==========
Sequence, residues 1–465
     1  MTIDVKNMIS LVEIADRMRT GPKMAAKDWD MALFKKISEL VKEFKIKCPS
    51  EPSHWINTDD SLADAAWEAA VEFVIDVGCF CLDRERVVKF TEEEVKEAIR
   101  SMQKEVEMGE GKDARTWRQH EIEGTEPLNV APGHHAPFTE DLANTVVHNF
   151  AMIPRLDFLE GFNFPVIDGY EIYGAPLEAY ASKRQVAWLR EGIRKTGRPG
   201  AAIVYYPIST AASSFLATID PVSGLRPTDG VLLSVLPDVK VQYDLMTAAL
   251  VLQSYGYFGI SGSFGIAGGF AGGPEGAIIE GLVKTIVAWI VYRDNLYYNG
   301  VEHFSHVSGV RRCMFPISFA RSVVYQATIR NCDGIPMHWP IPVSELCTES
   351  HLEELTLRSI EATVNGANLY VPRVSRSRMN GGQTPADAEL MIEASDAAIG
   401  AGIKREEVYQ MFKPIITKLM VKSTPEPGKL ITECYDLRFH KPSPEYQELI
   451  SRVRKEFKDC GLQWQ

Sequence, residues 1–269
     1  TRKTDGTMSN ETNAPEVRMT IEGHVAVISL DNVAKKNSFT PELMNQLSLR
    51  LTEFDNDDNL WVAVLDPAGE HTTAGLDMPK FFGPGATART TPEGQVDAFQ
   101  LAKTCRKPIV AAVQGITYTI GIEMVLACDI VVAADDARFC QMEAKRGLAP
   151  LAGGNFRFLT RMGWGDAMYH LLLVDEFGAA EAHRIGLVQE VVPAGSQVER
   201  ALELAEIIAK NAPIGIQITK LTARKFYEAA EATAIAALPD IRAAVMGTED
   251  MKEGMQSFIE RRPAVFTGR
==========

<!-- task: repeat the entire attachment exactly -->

Sequence, residues 1–465
     1  MTIDVKNMIS LVEIADRMRT GPKMAAKDWD MALFKKISEL VKEFKIKCPS
    51  EPSHWINTDD SLADAAWEAA VEFVIDVGCF CLDRERVVKF TEEEVKEAIR
   101  SMQKEVEMGE GKDARTWRQH EIEGTEPLNV APGHHAPFTE DLANTVVHNF
   151  AMIPRLDFLE GFNFPVIDGY EIYGAPLEAY ASKRQVAWLR EGIRKTGRPG
   201  AAIVYYPIST AASSFLATID PVSGLRPTDG VLLSVLPDVK VQYDLMTAAL
   251  VLQSYGYFGI SGSFGIAGGF AGGPEGAIIE GLVKTIVAWI VYRDNLYYNG
   301  VEHFSHVSGV RRCMFPISFA RSVVYQATIR NCDGIPMHWP IPVSELCTES
   351  HLEELTLRSI EATVNGANLY VPRVSRSRMN GGQTPADAEL MIEASDAAIG
   401  AGIKREEVYQ MFKPIITKLM VKSTPEPGKL ITECYDLRFH KPSPEYQELI
   451  SRVRKEFKDC GLQWQ

Sequence, residues 1–269
     1  TRKTDGTMSN ETNAPEVRMT IEGHVAVISL DNVAKKNSFT PELMNQLSLR
    51  LTEFDNDDNL WVAVLDPAGE HTTAGLDMPK FFGPGATART TPEGQVDAFQ
   101  LAKTCRKPIV AAVQGITYTI GIEMVLACDI VVAADDARFC QMEAKRGLAP
   151  LAGGNFRFLT RMGWGDAMYH LLLVDEFGAA EAHRIGLVQE VVPAGSQVER
   201  ALELAEIIAK NAPIGIQITK LTARKFYEAA EATAIAALPD IRAAVMGTED
   251  MKEGMQSFIE RRPAVFTGR